Paragraph Cited What Paragraph Alleges Reason Insufficient Against Grace Defendants 1(p) and 1(q) Vento is statutory agent for No allegations as to scope of Gilbert Road Office Investors, agency, what participation LLC and pro forma statements Vento had with respect to pro stated land costs at forma statements, when $1,090,045.00 when they were statements were made, actually $783,470.00. whether Vento knew they were false and who relied on them. Zeleznak received a No allegations showing why $1,000,000 commission on the Zeleznak's receipt of large sale of land to Solomon commission was wrongful and Towers, LLC how Zeleznak participated in any scheme to defraud plaintiffs.

Vento is the statutory agent No allegations as to scope of and a manager for various agency and what Vento and entities in which Buchholz has Zeleznak did that was some interest. In particular wrongful. plaintiffs referred to paragraph (q)(iii) where Zeleznak is a statutory agent and a manager of The Spirit at Spectrum, LLC. 142 Vento was a statutory agent No allegations as to scope of and Zeleznak a manager of agency and what Vento and The Spirit at Spectrum, LLC. Zeleznak did that was wrongful. Phoenix Valley Development, No allegations as to what LLC for which Buchholz was Vento and Zeleznak did that a managing member purchased was knowingly wrongful land from Zeleznak and Vento (selling property for an for $2,202,492 in March 2005, obscene profit is not in itself land for which Zeleznak and unlawful). No specific Vento paid $900,000 in March allegation that Zeleznak or 2004 "the profits and funds Vento diverted funds or profits being diverted by defendants and why funds were "ill gotten to themselves as ill gotten gains." gains." 15(a) Solomon Capital on a private No allegations as to scope of placement memorandum stated duties as managers or what that Zeleznak and Vento Zeleznak or Vento did that would be managers of was wrongful. projects referred to as 44 Monroe and Osborn Commons.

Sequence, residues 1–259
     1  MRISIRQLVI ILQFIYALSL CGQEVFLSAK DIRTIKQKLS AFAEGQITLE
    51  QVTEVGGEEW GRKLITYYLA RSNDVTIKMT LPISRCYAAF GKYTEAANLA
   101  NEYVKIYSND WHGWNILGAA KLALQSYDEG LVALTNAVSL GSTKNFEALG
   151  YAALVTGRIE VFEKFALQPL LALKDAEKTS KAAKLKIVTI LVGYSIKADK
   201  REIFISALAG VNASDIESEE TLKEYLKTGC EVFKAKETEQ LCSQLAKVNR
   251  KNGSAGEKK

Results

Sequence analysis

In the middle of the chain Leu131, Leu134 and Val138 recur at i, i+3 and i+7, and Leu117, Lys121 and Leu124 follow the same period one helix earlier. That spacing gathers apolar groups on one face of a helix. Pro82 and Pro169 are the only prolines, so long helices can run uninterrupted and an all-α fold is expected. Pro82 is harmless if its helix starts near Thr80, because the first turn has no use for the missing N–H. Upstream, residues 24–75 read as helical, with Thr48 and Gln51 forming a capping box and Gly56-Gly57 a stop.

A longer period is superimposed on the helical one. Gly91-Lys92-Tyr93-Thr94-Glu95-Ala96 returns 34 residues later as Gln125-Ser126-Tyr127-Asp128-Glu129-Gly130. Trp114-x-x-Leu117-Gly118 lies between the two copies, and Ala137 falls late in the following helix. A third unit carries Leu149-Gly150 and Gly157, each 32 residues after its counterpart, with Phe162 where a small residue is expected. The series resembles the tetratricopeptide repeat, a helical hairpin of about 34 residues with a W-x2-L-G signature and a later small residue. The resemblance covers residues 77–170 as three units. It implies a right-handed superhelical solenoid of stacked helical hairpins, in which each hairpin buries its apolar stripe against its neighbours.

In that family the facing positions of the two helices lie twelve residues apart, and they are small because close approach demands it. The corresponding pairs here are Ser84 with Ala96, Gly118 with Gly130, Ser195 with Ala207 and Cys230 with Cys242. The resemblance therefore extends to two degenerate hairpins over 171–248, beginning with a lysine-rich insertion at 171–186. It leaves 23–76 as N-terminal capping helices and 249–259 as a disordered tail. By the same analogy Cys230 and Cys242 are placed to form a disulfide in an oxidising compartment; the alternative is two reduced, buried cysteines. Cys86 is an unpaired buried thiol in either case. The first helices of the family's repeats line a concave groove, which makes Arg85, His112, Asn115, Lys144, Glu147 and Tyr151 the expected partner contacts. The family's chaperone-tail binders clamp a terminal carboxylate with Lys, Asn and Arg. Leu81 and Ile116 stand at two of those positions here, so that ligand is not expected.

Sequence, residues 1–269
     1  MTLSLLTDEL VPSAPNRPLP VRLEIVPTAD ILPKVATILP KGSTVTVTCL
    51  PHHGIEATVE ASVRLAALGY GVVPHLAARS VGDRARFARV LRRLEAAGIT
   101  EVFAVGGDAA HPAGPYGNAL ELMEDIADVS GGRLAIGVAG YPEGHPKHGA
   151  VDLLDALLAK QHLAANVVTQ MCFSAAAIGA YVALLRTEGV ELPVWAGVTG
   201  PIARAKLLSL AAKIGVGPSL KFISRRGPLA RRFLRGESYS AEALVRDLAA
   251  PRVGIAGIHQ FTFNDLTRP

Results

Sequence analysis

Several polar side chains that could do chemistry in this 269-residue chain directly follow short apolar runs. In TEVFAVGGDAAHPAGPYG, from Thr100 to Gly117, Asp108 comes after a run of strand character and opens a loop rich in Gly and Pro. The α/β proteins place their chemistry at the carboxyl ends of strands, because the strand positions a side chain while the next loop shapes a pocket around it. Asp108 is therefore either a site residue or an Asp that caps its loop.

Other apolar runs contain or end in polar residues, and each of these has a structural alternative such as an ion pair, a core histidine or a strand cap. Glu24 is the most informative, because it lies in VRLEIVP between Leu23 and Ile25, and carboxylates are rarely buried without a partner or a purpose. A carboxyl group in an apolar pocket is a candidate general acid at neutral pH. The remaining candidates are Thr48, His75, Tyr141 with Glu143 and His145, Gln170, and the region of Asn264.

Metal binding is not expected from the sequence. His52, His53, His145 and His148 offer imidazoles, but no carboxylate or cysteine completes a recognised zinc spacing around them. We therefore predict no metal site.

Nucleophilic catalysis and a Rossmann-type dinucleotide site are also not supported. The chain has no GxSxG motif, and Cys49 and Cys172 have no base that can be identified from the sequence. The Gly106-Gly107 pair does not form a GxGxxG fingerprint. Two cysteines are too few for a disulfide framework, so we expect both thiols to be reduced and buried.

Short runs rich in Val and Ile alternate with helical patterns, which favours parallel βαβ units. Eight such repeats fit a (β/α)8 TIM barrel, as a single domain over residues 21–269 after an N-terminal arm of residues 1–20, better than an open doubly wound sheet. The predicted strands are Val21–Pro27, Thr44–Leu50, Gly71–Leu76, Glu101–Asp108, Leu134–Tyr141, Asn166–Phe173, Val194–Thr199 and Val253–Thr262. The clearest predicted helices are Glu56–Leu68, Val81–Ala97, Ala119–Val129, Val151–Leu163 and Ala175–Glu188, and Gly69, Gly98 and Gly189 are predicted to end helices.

Buchholz purchased land from No allegations as to what Deer Valley, LLC of which Vento and Zeleznak did that Zeleznak and Vento were the was wrongful. only members 105 & 106 No specific allegations No allegations as what regarding Grace defendants--- participation any Grace defendants raised funds defendant had in raising funds through Luxury Development or diverting funds. Fund, LLC for certain projects but funds diverted for use in projects involving OC Investors, LLC 143 OC Investors solicited funds No allegations as to what for Crystal Lake project "of solicitation representations which VENTO were made, who made them, INVESTMENTS, LLC, was why they were false, and who manager and which in turn relied on them. was managed by VENTO."

Because plaintiff's complaint as it now stands fails to state a claim on which relief can be granted against the Grace defendants, the motion to dismiss is granted with thirty days leave to amend.

C. Supplemental Opposition

Rule 7-3(d) permits filing, before the noticed hearing date, of a relevant judicial opinion published after the date the opposition was filed. The rule permits no argument to accompany the filed opinion without prior court approval. The cases plaintiffs offer were published before their opposition was due, and nothing in the reply necessitates a supplemental opposition. The motion to file a supplemental opposition is denied.

III. ORDER

For the foregoing reasons, the court:

1. Grants William Buchholz and Family Community Church's motion to dismiss with thirty days leave to amend except as to punitive damage allegations;

2. Grants the Grace defendants motion to dismiss with thirty days leave to amend;

3. Denies plaintiffs motion to file a supplementary opposition;and

4. Encourages plaintiffs to plead any allegations based upon fraud with particularity and to recognize that particularity does not necessarily require length. For example, the allegations could read:

1. On _____________ date (name of particular Grace defendant) stated (or concealed) that (representation or information concealed);

2. (The representation was false in that _______________) (The information concealed was _______________);

3. The (representation) (information concealed) was material);

4. Plaintiff _______________(justifiably relied on the representation in deciding to invest) (if plaintiff _______________ had known the concealed information, he or she would not have invested); and

5. As a consequence plaintiff suffered damages consisting of _______________.

20090207